Despite an all-around makeover of the physical design of the system, the camera remains stubbornly anchored to the blank expanse below the screen. That means any attempt to use it results in a less-than-flattering view, emphasising one's neck, chin and nostrils.
Unless, that is, you're attempting to type while you Skype. In that case, it's some giant fingers in the foreground, with your nostrils stuck in the background.
If you're a regular video chatter, this may be a deal-breaker. As someone who does more typing and reading than chatting, I've been willing to overlook this particular quirk of the XPS 13, although this would have been a perfect opportunity to reimagine the layout, as some PCs now offer webcams that pop up from the top of the screen, or.
A touchy subject
Also high on my agitation list, the lower-end of two configurations of the XPS 13 we tested is missing a key feature found in nearly every even vaguely semi-premium laptop (aside from MacBooks) -- a touchscreen. According to the configuration options available on Dell.com right now, only the optional 4K display offers touch, which drives the starting price up to at least $1,599. Not only does that mean a touch-enabled laptop will cost a lot more, the 4K resolution also means a hit to battery life. You may not use a touchscreen on a Windows 10 ($148 at Amazon) laptop every day, but it's a feature that belongs in this price range, and anyone under a certain age practically expects every screen to be a touchscreen.
You'll also pay extra for the cool-looking new Alpine White woven glass fiber design. That's an additional $50, and includes a rose gold lid. Otherwise, you're getting a silver lid with a black carbon-fiber palmrest. The glass fiber is reportedly highly stain resistant, which is good for a white laptop surface, but I also miss the dark soft-touch finish on previous versions of the XPS 13.
But despite these quirks and annoyances, the XPS 13 is still a fantastic laptop, especially in its higher-end, touchscreen version. It's one of the few laptops that I found myself going back to again and again, for the very premium feel, excellent keyboard, and slim, highly portable design.
After working on laptops from HP, Apple, Asus and other companies with super-shallow keyboards, it's a refreshing change to have the hefty, deep keys of the XPS 13 keyboard. The glass touchpad is as good as Windows versions get, but as we've experienced in many other Windows laptops, two-finger scrolling is smoother in Microsoft's Edge browser than in the Google Chrome browser.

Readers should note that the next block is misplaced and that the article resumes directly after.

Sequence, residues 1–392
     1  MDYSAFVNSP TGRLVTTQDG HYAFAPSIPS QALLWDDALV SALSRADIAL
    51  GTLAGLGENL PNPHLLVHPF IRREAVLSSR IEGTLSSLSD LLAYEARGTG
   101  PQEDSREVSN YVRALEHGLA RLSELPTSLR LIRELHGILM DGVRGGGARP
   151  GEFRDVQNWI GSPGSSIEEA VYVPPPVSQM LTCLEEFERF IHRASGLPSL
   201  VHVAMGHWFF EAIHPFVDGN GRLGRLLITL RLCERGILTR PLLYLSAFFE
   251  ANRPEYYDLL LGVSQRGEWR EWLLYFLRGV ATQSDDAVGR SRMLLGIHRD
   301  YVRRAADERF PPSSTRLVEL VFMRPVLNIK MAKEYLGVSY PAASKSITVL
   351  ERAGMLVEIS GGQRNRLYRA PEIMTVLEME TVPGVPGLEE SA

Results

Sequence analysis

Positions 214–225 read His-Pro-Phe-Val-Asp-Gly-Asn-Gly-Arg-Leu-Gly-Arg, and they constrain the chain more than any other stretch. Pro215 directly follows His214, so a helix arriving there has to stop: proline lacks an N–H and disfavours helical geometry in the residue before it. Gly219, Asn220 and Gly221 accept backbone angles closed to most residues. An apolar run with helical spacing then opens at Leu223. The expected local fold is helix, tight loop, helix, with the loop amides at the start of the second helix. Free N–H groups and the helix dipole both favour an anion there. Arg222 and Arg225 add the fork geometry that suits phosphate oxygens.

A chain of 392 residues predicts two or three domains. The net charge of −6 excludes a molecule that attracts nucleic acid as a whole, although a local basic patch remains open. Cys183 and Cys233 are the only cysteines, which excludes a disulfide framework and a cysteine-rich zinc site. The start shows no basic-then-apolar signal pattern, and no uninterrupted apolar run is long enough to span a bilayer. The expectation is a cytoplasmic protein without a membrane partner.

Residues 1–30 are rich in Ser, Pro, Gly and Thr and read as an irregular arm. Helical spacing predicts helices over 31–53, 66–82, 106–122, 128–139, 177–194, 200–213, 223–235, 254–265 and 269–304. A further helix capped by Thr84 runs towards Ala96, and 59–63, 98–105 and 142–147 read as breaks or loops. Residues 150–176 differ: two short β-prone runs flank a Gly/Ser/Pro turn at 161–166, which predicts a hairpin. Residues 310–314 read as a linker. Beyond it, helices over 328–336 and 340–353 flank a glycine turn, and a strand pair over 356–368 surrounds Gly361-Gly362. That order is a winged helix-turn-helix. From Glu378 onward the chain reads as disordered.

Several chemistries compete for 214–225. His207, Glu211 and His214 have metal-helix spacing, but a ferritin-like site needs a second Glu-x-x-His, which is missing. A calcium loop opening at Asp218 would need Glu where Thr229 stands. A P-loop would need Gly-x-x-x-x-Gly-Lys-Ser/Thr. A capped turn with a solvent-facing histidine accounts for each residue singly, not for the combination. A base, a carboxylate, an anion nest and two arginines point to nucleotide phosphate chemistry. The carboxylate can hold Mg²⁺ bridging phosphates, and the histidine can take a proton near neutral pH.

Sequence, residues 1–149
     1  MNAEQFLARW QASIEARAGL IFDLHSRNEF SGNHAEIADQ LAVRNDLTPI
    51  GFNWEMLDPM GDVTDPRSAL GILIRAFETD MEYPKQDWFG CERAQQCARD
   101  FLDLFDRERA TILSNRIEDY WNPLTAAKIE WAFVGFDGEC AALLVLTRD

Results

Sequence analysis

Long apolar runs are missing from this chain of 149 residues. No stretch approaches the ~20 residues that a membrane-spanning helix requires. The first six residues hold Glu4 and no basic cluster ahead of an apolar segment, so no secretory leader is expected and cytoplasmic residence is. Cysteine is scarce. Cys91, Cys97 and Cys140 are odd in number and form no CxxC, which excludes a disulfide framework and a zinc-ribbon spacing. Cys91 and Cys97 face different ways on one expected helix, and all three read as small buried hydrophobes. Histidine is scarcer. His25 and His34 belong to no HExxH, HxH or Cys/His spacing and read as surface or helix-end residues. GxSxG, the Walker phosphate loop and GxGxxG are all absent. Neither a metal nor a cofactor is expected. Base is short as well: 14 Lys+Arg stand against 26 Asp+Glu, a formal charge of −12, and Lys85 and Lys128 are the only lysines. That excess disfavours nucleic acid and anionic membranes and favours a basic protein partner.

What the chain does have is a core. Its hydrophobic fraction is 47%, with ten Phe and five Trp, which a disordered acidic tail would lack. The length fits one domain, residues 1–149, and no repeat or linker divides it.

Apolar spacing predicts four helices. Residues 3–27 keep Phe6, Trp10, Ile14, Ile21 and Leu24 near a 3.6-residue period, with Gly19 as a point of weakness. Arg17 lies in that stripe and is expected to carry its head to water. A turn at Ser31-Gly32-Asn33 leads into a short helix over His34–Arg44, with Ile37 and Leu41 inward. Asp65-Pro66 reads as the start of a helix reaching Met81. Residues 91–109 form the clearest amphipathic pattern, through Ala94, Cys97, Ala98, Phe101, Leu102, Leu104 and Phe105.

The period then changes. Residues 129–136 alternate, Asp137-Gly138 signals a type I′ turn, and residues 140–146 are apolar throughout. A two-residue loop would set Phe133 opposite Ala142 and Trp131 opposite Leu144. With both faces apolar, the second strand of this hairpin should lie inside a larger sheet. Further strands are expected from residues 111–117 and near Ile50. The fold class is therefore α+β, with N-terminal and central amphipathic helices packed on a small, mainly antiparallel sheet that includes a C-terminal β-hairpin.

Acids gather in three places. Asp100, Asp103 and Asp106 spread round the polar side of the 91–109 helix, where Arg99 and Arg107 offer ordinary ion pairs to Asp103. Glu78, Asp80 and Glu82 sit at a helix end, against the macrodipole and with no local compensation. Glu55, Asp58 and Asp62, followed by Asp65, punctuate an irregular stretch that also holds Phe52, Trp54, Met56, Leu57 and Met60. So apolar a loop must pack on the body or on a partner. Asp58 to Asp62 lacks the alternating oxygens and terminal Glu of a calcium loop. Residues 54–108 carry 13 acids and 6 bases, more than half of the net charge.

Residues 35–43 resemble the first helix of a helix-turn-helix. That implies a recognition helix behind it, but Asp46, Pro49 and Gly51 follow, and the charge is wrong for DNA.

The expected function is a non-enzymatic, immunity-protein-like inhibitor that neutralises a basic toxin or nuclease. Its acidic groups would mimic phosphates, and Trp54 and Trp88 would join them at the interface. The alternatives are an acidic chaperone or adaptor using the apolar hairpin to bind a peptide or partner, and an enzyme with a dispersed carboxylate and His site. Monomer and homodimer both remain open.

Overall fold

While previous XPS 13 models kept full-size USB ports and an HDMI output even as other PC makers ditched these, the new XPS 13 finally gets on board the USB-C train, with three of those all-purpose ports, plus a headphone jack and microSD slot. So, be prepared to pack some dongles if you need physical connectivity. I did, however, like the Windows Hello fingerprint reader stealthily built into the power button, and the small light-up battery gauge on the left edge, which is a feature I'd love to see more often.
Along with the new body, there's an upgrade to the latest 8th-gen Intel Core processors. No surprises here -- both models we tested had excellent performance, with the Core i7 model outranking the Core i5 version. Battery life is where we saw the advantages of the lower-end model. With a less powerful CPU and standard HD screen, it ran for 12:18. The 4K display, as expected, ran for less time, at 9:08, although both can be considered very good scores. A version of the we tested late last year combined a higher-end Core i7 CPU and the lower-res screen for a similar 12-hour score.
The real star here is the screen. Both the HD and 4K displays looked clear, bright and colorful, if a bit on the glossy side. But they also really popped because of the superthin bezel around the display, especially now that the slim screen outline is white, which helps it further fade into the background.
The webcam issue feels like a solvable problem. If we can put a webcam into a pair of cheap sunglasses, there's got to be a solution to this. Another easy fix that would make the XPS 13 much more attractive would be to give every configuration a touch screen.
The nearly bezel-free look is not as exclusive to the XPS 13 as it was a few years ago, as other PC makers have adopted the same look. But it's still relatively rare, and the excellent implementation here is likely to cause some serious laptop envy anywhere you pull it out.
|Dell XPS 13 (Core i7, 2018)||Microsoft Windows 10 Home (64-bit); 1.8GHz Intel Core i7-8550U; 16GB DDR3 SDRAM 2,133MHz; 128MB (dedicated) Intel UHD Graphics 620; 512GB SSD|
|Dell XPS 13 (Core i5, 2018)||Microsoft Windows 10 Home (64-bit); 1.8GHz Intel Core i7-8550U; 8GB DDR4 SDRAM 1,866MHz; 128MB (dedicated) Intel HD Graphics 620; 256GB SSD|
|Dell XPS 13 (Core i7, 2017)||Microsoft Windows 10 Home (64-bit); 1.8GHz Intel Core i7-8550U; 8GB DDR4 SDRAM 2,133MHz; 128MB (dedicated) Intel UHD Graphics 620; 256GB SSD|
|Microsoft Surface Laptop||Microsoft Windows 10 Pro (64-bit) 2.5GHz Intel Core i5-7200U; 8GB DDR3 SDRAM 1,866MHz; 128MB (dedicated) Intel HD Graphics 620; 256GB SSD|
|Razer Blade Stealth||Microsoft Windows 10 Home (64-bit); 2.7GHz Intel Core i7-7500U; 16GB DDR3 SDRAM 1,866MHz; 128MB (dedicated) Intel HD Graphics 620; 512GB SSD|
|HP Spectre 13||Microsoft Windows 10 Home (64-bit); 1.8GHz Intel Core i7-8550U; 8GB DDR4 SDRAM 2,133MHz; 128MB (dedicated) Intel UHD Graphics 620; 256GB SSD|